In 2015, at least 892 "hate" groups were operating throughout the United States, according to Southern Poverty Law Center (SPLC). This represents a 14 percent increase from the 784 groups recorded a year before. Still, the current figures are lower than the all-time high in 2011 as traditional organised extremism continues to shrink in favor of collective and individual cyber-based activism.
The SPLC defines a hate group as an organised movement that has beliefs or practices that attack or malign an entire class of people based on religion, race, sexual orientation, gender, nationality, and other immutable characteristics. The SPLC monitors the activities of such domestic hate groups as the Ku Klux Klan (KKK), neo-Nazi, racist skinhead, black separatist, Christian Identity, white nationalist, neo-Confederate, and general hate (or, "other"). Through the work of the SPLC, disturbing and enlightening trends that underscore the origins and means of continued existence in modern US society emerge:
The oldest US-based hate group is also the largest. The most populous hate group is the Ku Klux Klan, with an estimated 5,000 to 8,000 members among its 190 chapters. Almost one-third of the chapters (52) are registered in the state of Texas. Founded in 1865, the KKK is also the oldest of the American hate groups and has historically targeted black Americans, members of the Jewish and Catholic churches, homosexuals, and immigrants.
Hate groups are increasingly focused on lesbian, gay, bisexual, and transgender persons. The composition of the general hate group has significantly changed during the last five years. While the number of anti-immigrant, radical traditional Catholic, and anti-Muslim groups remained steady, the number of the anti-LGBT groups expanded almost twofold. One of the reasons for for the expansion was spreading opposition to same-sex marriage and related issues that have been at the forefront of US politics and legislation. The upcoming US presidential election has also increased the activity of the anti-LGBT movement, as the demonization of the LGBT community has proven to be politically expedient for some candidates. For example, Donald Trump's campaign released a “Free to Believe” broadcast that was organized by the Family Research Council, a group the SPLC categorizes as an anti-LGBT.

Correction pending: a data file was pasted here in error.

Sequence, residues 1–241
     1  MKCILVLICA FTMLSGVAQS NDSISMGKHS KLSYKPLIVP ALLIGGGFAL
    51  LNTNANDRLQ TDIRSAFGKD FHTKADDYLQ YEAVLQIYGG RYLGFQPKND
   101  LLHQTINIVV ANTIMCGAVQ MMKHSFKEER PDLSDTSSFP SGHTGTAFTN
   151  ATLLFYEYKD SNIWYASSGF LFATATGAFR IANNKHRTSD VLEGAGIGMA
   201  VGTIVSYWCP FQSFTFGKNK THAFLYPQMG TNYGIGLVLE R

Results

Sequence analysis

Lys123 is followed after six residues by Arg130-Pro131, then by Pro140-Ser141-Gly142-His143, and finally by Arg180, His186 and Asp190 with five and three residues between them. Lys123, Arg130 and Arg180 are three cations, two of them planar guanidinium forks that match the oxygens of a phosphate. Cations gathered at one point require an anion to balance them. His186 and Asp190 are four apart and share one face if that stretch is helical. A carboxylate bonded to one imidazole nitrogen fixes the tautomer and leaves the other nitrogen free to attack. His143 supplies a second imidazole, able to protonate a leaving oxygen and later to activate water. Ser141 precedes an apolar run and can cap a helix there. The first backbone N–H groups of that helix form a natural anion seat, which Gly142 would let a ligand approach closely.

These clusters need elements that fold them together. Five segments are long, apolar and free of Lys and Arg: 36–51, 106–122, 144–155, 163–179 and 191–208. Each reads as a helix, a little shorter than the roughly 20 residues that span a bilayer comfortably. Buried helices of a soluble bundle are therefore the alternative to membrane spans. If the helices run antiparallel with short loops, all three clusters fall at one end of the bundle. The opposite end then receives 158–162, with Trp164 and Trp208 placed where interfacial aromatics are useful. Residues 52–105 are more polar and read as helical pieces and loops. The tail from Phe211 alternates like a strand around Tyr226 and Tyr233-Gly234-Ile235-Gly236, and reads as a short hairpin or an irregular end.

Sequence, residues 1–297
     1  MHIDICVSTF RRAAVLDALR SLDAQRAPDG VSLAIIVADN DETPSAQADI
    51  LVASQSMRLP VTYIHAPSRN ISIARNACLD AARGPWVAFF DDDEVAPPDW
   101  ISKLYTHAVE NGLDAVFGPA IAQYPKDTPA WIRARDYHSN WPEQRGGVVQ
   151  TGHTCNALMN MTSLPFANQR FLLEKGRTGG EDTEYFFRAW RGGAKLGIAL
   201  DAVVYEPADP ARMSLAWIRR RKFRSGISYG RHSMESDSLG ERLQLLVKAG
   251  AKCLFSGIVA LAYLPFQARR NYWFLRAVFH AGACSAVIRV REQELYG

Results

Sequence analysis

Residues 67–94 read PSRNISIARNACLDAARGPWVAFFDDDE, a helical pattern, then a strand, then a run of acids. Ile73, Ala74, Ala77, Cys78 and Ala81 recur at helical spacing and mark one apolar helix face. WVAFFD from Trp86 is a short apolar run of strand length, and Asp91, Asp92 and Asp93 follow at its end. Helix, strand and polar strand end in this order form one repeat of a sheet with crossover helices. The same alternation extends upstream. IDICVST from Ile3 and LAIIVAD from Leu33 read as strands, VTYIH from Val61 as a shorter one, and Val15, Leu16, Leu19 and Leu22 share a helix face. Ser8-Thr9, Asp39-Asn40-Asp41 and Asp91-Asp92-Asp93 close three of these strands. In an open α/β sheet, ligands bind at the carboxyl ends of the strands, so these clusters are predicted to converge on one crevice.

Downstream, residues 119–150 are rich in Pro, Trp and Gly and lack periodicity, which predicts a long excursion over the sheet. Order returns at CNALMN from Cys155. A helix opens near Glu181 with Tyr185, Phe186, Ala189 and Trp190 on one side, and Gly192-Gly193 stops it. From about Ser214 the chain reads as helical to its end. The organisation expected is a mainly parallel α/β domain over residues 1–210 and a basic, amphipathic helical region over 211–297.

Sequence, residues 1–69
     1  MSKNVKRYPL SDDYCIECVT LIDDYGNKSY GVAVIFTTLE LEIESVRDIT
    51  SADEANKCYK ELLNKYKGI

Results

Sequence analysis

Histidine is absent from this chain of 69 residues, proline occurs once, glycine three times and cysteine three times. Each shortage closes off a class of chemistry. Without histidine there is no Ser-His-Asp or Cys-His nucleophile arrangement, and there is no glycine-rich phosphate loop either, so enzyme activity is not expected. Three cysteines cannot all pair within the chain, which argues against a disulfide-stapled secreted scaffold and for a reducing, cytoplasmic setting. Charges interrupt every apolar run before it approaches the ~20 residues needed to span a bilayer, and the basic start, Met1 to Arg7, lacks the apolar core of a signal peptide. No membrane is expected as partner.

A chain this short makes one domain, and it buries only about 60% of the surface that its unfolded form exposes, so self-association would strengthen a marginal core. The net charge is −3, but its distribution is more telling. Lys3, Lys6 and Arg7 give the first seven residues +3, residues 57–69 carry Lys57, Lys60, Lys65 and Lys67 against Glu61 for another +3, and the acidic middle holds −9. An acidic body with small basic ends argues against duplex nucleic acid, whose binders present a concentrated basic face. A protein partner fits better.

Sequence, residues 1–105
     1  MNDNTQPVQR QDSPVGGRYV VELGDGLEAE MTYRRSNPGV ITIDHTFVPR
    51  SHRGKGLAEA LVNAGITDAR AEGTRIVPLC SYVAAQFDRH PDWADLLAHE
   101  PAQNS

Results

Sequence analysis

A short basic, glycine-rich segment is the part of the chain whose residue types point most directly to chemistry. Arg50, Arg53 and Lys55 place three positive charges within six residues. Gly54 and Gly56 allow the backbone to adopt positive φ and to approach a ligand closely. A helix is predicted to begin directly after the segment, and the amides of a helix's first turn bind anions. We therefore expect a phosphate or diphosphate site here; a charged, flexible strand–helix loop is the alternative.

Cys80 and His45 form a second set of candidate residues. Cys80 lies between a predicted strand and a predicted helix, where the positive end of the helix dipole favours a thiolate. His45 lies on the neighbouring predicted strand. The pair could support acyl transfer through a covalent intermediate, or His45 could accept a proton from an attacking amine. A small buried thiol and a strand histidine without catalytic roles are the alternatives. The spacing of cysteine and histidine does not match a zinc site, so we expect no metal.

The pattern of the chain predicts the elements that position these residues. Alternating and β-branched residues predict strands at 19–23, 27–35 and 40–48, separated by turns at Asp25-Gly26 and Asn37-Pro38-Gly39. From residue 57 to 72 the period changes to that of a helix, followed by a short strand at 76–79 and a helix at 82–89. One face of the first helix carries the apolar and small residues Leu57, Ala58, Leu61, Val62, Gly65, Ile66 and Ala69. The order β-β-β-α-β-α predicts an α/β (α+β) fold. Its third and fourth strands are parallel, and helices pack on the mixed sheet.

Neo-Nazi groups are on the decline even as media glare returns. The number of groups espousing racial identity, such as neo-Nazi, racist skinhead and white nationalist decreased steadily during 2015. Among them, the neo-Nazi group saw the most notable decline with 45 of its chapters being shut down last year. US-based neo-Nazi activism has hit recent international media headlines in connection with the murder of British MP Jo Cox. The killer, Thomas Mair, was said to have bought books from a US-based neo-Nazi group. Mair's collection included a guide on how to make a homemade gun.
The United States being the biggest economy in the world significantly influences the global economic situation. The US economy is comprehensively covered by data and statistics from multiple government and private sources. We selected the most significant and up-to-date ones and presented them in this cheat sheet.
Source: UNODC Assaults, Kidnapping, Robbery, Sexual Offences, Sexual Rape, Total Sexual ViolenceEconomyCrimeDemographicsGDP, current prices USDHomicide RateTotal Population ForecastGDP, PPP current intern. $HomicidesPopulation Growth Rate ForecastGDP per capita, current prices USDPercentage of homicides by firearmPopulation Density ForecastGDP per capita, PPP current intern. $Number of homicides by firearmMedian Age of the Population ForecastForeign Direct InvestmentHomicide by firearm rate Total populationTotal External Debt, USDAssault, ratePopulation Growth RateShare of AgricultureKidnapping, ratePopulation DensityShare of...
Over the past two decades, the United States has seen a significant decrease in crime. Between 1991 and 2013 crime rate fell from 1,311 to 689 offenses per 100,000 population. In absolute terms, a number of crimes reduced by 8.5 million during the reference period from 28.3 million in 1991 to 19.8 million in 2013. The estimated number of violent crimes in the nation decreased 0.2 percent in 2014 when compared with 2013 data, according to FBI figures. Property crimes decreased by 4.3 percent, marking the 12th straight year the collective estimates for these offenses declined. The 2014 statistics show the estimated rate of violent crime was...